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      Socio-economic inequalities on cancer mortality in nine European areas: The effect of the last economic recession

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          Cancer incidence and mortality patterns in Europe: Estimates for 40 countries and 25 major cancers in 2018

          Europe contains 9% of the world population but has a 25% share of the global cancer burden. Up-to-date cancer statistics in Europe are key to cancer planning. Cancer incidence and mortality estimates for 25 major cancers are presented for the 40 countries in the four United Nations-defined areas of Europe and for Europe and the European Union (EU-28) for 2018.
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            Bayesian image restoration, with two applications in spatial statistics

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              Is Open Access

              Incidence and mortality of lung cancer: global trends and association with socioeconomic status

              We examined the correlation between lung cancer incidence/mortality and country-specific socioeconomic development, and evaluated its most recent global trends. We retrieved its age-standardized incidence rates from the GLOBOCAN database, and temporal patterns were assessed from global databases. We employed simple linear regression analysis to evaluate their correlations with Human Development Index (HDI) and Gross Domestic Product (GDP) per capita. The average annual percent changes (AAPC) of the trends were evaluated from join-point regression analysis. Country-specific HDI was strongly correlated with age-standardized incidence (r = 0.70) and mortality (r = 0.67), and to a lesser extent GDP (r = 0.24 to 0.55). Among men, 22 and 30 (out of 38 and 36) countries showed declining incidence and mortality trends, respectively; whilst among women, 19 and 16 countries showed increasing incidence and mortality trends, respectively. Among men, the AAPCs ranged from −2.8 to −0.6 (incidence) and −3.6 to −1.1 (mortality) in countries with declining trend, whereas among women the AAPC range was 0.4 to 8.9 (incidence) and 1 to 4.4 (mortality) in countries with increasing trend. Among women, Brazil, Spain and Cyprus had the greatest incidence increase, and all countries in Western, Southern and Eastern Europe reported increasing mortality. These findings highlighted the need for targeted preventive measures.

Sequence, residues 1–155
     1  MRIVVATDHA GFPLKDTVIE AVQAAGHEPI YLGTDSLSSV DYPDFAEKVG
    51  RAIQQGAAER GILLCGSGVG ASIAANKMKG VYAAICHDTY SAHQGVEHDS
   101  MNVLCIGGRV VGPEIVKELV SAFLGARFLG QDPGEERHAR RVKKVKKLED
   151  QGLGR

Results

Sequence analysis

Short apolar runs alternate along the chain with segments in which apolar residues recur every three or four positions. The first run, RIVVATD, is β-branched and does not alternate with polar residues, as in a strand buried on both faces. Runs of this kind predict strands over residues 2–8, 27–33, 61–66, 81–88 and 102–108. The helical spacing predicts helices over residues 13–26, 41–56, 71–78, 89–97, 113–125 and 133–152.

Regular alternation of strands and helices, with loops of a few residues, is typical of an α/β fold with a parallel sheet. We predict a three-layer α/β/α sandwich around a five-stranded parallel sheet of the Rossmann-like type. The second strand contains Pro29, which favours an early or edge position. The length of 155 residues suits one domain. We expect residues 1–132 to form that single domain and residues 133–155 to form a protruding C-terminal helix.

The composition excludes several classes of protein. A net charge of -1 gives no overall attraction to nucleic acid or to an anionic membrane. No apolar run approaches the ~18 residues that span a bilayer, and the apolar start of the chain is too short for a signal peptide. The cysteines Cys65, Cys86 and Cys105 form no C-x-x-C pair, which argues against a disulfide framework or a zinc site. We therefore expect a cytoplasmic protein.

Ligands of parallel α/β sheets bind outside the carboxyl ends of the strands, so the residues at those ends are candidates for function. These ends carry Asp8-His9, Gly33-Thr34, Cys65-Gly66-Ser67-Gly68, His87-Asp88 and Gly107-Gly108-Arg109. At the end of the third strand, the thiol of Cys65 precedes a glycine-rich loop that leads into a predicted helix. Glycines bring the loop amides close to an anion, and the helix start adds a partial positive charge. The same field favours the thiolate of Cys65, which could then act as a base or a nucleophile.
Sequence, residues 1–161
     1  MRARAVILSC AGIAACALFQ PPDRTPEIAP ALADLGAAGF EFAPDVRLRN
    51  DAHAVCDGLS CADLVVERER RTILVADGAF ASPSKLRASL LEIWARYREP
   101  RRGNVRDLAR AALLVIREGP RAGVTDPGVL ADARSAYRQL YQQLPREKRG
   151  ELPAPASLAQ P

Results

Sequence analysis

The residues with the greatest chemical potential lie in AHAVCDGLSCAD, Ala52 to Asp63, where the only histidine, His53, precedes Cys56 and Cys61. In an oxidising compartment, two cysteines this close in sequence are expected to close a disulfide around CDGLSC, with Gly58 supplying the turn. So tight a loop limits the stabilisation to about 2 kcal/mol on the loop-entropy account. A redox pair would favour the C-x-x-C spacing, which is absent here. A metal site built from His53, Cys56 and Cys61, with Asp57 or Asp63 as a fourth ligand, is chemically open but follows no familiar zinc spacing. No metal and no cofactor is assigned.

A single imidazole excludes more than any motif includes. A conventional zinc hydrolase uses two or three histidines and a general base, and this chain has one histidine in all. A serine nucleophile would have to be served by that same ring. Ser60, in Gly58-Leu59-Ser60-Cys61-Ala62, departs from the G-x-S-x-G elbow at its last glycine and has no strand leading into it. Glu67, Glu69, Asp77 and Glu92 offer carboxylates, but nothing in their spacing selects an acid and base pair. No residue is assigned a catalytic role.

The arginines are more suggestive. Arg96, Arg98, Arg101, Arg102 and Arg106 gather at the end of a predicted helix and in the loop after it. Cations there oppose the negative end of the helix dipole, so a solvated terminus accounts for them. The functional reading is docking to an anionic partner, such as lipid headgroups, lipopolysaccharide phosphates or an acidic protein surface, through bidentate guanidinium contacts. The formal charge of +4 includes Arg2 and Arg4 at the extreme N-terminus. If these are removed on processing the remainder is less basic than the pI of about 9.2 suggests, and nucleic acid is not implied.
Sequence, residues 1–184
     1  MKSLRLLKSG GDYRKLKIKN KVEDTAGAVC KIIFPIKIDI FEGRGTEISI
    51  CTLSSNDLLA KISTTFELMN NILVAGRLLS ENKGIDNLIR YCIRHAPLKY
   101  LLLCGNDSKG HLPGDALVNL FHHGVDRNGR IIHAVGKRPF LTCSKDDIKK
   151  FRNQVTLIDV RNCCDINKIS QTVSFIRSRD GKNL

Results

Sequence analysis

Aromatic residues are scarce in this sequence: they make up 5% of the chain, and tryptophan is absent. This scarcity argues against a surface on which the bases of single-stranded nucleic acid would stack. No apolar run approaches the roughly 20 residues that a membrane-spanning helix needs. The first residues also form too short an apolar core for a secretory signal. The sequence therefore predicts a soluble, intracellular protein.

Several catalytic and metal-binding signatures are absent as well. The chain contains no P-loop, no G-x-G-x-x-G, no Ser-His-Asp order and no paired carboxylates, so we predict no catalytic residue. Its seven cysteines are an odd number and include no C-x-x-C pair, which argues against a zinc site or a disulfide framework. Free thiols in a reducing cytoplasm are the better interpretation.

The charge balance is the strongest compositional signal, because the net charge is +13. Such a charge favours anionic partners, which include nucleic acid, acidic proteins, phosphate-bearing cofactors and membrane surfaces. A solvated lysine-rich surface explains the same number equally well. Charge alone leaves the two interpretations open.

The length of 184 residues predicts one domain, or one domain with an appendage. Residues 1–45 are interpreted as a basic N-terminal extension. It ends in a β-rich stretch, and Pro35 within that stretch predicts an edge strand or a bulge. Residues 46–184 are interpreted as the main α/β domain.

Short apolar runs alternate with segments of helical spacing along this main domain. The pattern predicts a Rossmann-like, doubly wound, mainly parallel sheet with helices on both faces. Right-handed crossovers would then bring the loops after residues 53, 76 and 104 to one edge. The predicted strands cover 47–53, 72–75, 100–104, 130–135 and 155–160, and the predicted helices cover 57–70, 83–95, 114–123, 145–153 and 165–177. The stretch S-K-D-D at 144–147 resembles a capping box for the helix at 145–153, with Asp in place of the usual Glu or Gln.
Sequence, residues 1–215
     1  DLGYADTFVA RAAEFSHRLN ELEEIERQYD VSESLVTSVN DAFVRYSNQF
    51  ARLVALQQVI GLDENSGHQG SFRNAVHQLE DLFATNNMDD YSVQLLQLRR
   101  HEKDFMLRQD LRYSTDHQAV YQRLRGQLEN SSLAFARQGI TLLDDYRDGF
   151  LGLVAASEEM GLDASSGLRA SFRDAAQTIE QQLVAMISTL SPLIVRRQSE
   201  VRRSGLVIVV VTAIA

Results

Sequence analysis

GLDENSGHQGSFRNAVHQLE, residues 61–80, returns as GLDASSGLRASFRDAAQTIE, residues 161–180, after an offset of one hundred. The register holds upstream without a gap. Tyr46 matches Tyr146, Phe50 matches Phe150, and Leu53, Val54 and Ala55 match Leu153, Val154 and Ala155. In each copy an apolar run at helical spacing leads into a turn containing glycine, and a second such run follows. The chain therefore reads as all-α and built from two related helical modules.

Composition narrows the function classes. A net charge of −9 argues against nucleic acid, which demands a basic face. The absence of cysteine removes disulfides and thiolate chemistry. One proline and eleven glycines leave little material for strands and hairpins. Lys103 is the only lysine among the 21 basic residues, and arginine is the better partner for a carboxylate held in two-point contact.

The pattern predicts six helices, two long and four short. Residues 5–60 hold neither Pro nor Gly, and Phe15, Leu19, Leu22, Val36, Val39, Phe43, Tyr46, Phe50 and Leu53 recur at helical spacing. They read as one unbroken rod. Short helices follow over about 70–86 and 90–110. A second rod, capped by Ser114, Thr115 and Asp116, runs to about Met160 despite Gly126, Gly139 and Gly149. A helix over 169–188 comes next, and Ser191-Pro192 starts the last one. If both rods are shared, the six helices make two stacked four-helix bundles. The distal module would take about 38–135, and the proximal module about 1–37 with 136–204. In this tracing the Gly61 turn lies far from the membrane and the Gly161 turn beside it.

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                Author and article information

                Journal
                Cancer Epidemiology
                Cancer Epidemiology
                Elsevier BV
                18777821
                December 2020
                December 2020
                : 69
                : 101827
                Article
                10.1016/j.canep.2020.101827
                62cb110a-47b7-41e9-8ece-c5319d4f721a
                © 2020

                https://www.elsevier.com/tdm/userlicense/1.0/

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